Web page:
Art and Ayahuasca


I made my way up the long spiral ramp at the Musee de quai Branly in Paris. It’s a cool, dark museum filled with art and objects from the indigenous cultures of Africa, Asia, Oceania, and the Americas. I enter the exhibit I have come to see: Shamanic Visions: Ayahuasca Arts in the Peruvian Amazon.

A black and white video played, showing a woman preparing a pot to boil plants that will be reduced to a beverage and consumed for a ritual that has been performed by the indigenous people of the Peruvian Amazon for thousands of years. The drink, known as ayahuasca, will induce visions and sounds, offering profound spiritual and therapeutic benefits. “The ayahuasca vine helps you connect with the invisible,” she says, her voice resonating with a sense of ancient wisdom.

The visions of the invisible have been a source of inspiration to artists across cultures. This exhibit highlights both the traditional and contemporary art of the Shipibo-Conibo people of the Peruvian Amazon, as well as the influence of ayahuasca on Western art, particularly during the counter-culture movement of the 1960s.

For many within the Shipibo-Conibo culture, the ayahuasca experience elicits precise shapes and geometric patterns, known as kené. These intricate patterns can be drawn or painted on various surfaces including fabrics, ceramics, wood, and even the human body. As someone who sees the world through patterns, I find this particularly compelling.

Sara Flores, a contemporary Peruvian artist, expands the idea of kené with her geometric textile work. Several of her pieces are featured in the exhibit, their vibrant patterns weaving a narrative of cultural heritage and personal vision:


A geometric pattern made from black and red lines and shapes on a white background..


A geometric pattern made of black lines with read and yellow shapes on a white background.
A geometric pattern made of black lines and yellow and red shapes on a white background.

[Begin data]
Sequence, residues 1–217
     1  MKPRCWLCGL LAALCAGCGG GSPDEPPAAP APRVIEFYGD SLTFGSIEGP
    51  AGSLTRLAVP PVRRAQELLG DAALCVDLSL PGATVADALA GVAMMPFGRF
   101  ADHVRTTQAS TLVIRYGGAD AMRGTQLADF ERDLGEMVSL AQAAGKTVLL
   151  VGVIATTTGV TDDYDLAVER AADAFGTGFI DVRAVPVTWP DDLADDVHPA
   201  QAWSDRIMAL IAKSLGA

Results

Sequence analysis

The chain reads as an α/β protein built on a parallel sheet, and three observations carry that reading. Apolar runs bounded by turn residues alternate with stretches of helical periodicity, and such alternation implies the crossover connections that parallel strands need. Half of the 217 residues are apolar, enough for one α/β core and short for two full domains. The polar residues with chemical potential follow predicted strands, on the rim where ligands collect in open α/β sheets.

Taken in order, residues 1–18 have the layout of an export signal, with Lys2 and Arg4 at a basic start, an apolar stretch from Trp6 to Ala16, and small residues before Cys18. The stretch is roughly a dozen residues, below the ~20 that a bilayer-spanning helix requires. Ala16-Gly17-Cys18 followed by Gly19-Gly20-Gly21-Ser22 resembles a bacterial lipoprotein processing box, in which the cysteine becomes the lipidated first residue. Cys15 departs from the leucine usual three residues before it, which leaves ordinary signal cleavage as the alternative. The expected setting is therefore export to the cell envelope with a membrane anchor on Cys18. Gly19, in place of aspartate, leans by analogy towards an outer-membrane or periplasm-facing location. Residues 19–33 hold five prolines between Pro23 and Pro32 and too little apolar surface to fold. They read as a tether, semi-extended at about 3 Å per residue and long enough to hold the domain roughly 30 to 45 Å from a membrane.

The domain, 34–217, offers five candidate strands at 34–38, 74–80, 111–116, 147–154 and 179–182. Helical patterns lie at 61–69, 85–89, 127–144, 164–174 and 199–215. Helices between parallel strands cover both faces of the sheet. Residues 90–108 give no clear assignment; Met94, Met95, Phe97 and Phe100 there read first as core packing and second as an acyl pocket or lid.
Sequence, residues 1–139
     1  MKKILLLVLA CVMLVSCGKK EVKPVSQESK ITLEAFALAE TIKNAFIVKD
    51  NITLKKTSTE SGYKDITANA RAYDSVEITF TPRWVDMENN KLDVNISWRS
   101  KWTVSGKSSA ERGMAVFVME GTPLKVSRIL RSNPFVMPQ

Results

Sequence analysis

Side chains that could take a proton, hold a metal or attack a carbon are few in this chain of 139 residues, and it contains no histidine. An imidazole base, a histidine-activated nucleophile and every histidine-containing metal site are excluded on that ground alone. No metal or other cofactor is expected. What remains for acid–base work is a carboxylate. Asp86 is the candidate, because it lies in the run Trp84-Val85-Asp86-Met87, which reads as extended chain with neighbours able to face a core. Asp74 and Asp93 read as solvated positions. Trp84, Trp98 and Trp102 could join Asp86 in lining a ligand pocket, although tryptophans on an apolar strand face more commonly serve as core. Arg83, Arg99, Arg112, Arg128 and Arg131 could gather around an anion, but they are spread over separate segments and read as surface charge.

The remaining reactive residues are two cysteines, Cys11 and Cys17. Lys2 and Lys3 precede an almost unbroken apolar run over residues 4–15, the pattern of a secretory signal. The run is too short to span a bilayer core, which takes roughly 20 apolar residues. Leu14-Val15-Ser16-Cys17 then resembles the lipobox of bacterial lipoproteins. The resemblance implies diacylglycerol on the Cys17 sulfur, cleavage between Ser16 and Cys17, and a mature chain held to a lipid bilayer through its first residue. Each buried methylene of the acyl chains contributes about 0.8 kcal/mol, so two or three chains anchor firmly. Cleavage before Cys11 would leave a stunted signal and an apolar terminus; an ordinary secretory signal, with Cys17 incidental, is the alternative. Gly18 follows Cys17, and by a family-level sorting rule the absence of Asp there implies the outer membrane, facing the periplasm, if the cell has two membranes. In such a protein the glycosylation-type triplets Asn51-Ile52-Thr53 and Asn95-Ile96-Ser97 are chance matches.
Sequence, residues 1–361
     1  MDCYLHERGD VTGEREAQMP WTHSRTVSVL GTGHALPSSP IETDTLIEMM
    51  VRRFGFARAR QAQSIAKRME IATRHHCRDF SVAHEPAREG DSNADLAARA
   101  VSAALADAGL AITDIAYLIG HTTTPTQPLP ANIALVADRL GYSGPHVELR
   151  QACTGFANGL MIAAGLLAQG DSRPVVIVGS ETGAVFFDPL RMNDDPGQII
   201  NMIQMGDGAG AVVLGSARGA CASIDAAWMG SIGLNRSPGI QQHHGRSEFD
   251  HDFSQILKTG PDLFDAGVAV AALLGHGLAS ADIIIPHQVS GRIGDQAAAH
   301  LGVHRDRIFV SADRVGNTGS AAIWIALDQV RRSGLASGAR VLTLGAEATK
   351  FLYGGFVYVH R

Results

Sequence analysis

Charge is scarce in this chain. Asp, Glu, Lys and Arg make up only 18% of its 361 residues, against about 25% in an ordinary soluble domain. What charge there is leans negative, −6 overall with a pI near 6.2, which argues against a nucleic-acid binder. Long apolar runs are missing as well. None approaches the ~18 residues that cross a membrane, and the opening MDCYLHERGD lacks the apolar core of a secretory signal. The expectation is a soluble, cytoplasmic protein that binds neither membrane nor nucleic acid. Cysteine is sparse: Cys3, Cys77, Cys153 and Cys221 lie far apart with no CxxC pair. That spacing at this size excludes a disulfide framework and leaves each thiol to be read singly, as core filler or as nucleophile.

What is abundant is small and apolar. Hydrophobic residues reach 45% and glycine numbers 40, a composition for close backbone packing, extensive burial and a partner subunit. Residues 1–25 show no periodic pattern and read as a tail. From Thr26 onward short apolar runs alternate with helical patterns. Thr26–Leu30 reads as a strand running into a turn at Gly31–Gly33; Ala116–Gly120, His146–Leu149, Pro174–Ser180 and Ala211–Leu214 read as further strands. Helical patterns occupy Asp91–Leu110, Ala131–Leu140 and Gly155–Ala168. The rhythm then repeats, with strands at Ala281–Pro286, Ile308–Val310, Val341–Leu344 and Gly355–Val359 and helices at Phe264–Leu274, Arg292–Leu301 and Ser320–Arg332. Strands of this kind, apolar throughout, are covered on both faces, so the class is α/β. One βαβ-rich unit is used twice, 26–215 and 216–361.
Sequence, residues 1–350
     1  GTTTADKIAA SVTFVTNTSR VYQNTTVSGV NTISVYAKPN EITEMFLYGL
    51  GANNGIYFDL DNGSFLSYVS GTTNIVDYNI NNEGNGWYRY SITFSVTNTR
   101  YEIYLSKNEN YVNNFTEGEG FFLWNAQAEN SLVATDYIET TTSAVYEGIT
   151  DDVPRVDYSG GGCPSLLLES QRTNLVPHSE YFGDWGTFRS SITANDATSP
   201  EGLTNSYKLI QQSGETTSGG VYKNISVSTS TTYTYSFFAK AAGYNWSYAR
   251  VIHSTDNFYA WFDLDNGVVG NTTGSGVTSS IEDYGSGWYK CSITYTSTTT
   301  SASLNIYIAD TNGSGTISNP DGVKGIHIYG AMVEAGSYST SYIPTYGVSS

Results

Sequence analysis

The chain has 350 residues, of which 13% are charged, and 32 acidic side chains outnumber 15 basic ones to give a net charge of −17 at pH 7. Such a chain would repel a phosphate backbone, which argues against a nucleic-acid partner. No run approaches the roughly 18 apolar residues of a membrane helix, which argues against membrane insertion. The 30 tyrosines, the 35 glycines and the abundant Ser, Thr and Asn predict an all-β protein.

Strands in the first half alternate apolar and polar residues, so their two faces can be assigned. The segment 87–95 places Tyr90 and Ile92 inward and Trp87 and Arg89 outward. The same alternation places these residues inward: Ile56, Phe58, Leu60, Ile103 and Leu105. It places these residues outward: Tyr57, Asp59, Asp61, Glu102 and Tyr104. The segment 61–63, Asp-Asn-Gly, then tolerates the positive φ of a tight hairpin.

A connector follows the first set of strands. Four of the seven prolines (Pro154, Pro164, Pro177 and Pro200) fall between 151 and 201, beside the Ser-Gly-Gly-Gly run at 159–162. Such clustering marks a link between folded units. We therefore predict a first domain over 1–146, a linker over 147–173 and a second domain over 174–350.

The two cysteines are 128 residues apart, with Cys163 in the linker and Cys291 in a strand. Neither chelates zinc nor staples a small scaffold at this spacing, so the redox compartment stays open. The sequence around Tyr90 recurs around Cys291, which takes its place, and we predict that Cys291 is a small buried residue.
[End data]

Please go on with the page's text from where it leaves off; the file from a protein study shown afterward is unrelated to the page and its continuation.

Another artist I admired was Chonon Bensho, whose embroidery showcases the beauty and complexity of kené: 

Geometric lines and shapes form three women with long black hair standing on an abstract surface with two trees in the background.
All Photos: Swain McCaughrin

The exhibit also delves into the impact of ayahuasca on Western thought and art. William S. Burroughs and Allen Ginsberg detailed their search for ayahuasca in a book called The Yage Letters, published in 1963. This book, consisting of letters written starting in 1953, explores concepts that would later be used in Burroughs' 1959 novel, Naked Lunch. Through their writings, many readers were introduced to the existence and significance of ayahuasca. The exhibit describes Ginsberg and Burroughs as "the pioneers of shamanic tourism," highlighting their role in bringing awareness of this sacred plant medicine to a broader audience.

Connecting with the invisible has given us a wealth of art and thought. The patterns and visions inspired by ayahuasca continue to resonate, transcending cultural boundaries and time periods. The exhibit at the Musée du quai Branly beautifully illustrates the profound impact of this ancient practice on both indigenous and contemporary art, reminding us of the deep, often unseen threads that connect us all.

For more information, read the interview with curator David Dupuis here.



      Jacquet, M 2023, 'A journey into the depths of the human soul at the Museé du        quai Branly', Art Basel, 19 December, accessed June 26 2024,                  

      What is Kené. Kené Amazon. <>.       
      Accessed 26 June 2024

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